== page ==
These powers are at present ignored when deciding on the suitability of granting an HMO licence. The licensing authority should use the powers given to them in the legislation to look at the suitability of the property in relation to the area in which it is situated and not confine their remit to ensure it is safe secure living accommodation. Looking at the numbers of HMOs in any one tenement or area will result in a more sustainable community.
(b) In particular the Licensing Committee should have due regard to planning guidance which defines an area as sensitive when the number of HMOs exceeds 30% of the total number of households. Similar guidance requires to be adopted for tenement properties where an HMO licence is required. As explained above the effect of this density of population has a much greater impact in a tenement. The Licensing Committee should not undermine the stated policy of the Planning authority by ignoring these guidelines when they have the power to adopt and apply similar guidance. The Communities expect “joined up Government” from their representatives. They do not expect a different policy to be applied by the Planning authority and a contradictory policy by the licensing authority. The Licensing Committee should consider evidence of the density of HMO’s in the tenement block and in the immediate area when considering the suitability in relation to location and type and number of persons for which the license is to be granted. Where the density in a stair or in a block exceeds 30% then the Committee should invoke the powers given them to refuse a licence.
(c) When considering the number of people for whom a licence is to be granted the Licensing Committee should make it a condition that any occupation of a box room as either living space or a bedroom will be treated as a breach and enforcement action will be taken. A number of 2 bedroom properties are adapted to enable the accommodation of three people and this should be considered when the suitability of the property is assessed as a whole. Changing traditional layout to ensure more rooms and more tenants should also be taken into account when assessing suitability. The properties are often listed buildings which are being altered solely to ensure greater density of population. This does not protect the housing stock or the sustainability of the property in the area.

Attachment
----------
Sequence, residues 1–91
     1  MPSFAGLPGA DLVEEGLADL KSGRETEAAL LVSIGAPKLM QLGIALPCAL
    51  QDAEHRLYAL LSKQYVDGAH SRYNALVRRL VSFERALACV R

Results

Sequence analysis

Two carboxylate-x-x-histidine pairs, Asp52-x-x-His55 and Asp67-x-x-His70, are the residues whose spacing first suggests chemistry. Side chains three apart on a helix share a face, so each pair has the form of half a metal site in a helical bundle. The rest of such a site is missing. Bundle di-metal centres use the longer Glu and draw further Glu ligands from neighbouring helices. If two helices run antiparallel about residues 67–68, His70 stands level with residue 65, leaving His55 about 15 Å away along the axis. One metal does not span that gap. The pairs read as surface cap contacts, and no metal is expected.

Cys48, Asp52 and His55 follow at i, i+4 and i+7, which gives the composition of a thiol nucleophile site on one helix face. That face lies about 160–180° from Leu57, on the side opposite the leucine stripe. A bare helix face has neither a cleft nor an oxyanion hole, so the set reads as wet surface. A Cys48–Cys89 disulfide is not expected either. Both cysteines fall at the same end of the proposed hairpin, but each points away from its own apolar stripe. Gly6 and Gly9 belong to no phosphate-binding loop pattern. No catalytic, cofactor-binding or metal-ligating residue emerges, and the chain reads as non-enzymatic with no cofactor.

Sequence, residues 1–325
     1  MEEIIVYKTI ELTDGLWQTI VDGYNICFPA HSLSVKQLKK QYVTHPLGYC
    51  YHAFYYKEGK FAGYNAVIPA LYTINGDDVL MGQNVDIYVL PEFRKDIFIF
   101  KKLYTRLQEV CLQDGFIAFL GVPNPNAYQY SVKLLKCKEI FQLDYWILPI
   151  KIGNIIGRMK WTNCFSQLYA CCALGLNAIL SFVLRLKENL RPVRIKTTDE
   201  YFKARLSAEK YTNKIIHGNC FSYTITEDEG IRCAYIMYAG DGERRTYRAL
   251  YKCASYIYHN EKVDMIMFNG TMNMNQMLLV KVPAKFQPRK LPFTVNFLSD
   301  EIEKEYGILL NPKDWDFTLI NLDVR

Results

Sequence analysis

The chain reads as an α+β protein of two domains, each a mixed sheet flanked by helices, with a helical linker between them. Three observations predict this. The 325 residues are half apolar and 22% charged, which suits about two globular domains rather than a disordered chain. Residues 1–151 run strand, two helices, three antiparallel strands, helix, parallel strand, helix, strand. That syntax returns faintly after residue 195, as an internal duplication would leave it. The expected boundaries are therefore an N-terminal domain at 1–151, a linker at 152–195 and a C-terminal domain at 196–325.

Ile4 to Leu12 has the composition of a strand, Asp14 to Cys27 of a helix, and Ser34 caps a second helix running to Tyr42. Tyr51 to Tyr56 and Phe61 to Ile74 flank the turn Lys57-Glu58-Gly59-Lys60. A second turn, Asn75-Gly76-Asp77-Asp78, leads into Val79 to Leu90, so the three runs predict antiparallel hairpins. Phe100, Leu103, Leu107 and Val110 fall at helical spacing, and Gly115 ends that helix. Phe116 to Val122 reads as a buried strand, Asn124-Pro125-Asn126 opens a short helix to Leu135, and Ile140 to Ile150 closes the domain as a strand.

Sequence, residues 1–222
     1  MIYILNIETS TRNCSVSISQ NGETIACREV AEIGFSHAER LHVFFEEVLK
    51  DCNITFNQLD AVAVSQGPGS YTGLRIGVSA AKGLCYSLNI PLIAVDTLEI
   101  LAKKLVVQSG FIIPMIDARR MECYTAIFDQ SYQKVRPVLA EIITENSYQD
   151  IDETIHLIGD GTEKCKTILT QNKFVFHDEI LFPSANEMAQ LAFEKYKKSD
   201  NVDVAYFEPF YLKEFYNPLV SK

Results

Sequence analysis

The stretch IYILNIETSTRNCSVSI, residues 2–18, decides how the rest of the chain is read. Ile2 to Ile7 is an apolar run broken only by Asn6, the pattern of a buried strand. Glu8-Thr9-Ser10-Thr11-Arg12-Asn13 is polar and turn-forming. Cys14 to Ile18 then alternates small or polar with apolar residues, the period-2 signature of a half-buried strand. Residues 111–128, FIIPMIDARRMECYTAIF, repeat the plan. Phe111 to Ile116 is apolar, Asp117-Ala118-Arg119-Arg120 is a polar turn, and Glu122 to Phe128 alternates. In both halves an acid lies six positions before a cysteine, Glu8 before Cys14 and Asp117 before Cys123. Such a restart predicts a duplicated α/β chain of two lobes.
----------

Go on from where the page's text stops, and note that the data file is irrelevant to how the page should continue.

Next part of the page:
2 Granting of a new licence where one is already in existence
The 2006 Act makes specific provision for the existing licence lapsing when the property changes hands. The Licensing Committee should make it clear that where there is an application for a new licence the location and type and number of persons will be looked at afresh in accordance with the above policy. This should prevent existing licensed premises becoming a marketable commodity which might add to their value and add to the problem.
3 Enforcement
At Community Council meetings it has become apparent that one of the major concerns is lack of enforcement and meaningful prosecution where conditions are breached. For this reason the following policy should be adopted:
(a) Where there is any breach of conditions of licence and in particular where there is no licence and a licence is required the Committee should prosecute and demand the maximum fine. There is some concern that if the grant of licences is limited in some way that landlords will not make application. It should be sufficient deterrent to any law abiding landlord that there is a real risk of prosecution. With the publication of the Register required under the 2006 Act members of the public should be encouraged by way of a publicity campaign to help police the situation and report suspected breaches of licence conditions or lack of licence. .
(b) The 2006 Act allow some flexibility in the information to be contained in the HMO Register. This should be used to ensure that relevant information is included. The content of the Register should disclose the number of HMOs in a particular tenement with the number of occupants so that this can be used either to identify properties breaching the conditions of licence or as information to be used by the Licensing committee when ascertaining the suitability, density and location for licensing purposes. Residents will also be able to check on the information to decide whether an objection should be made to granting the licence give. The Register should be organised so that it is easy to extract information in relation to a particular street or tenement.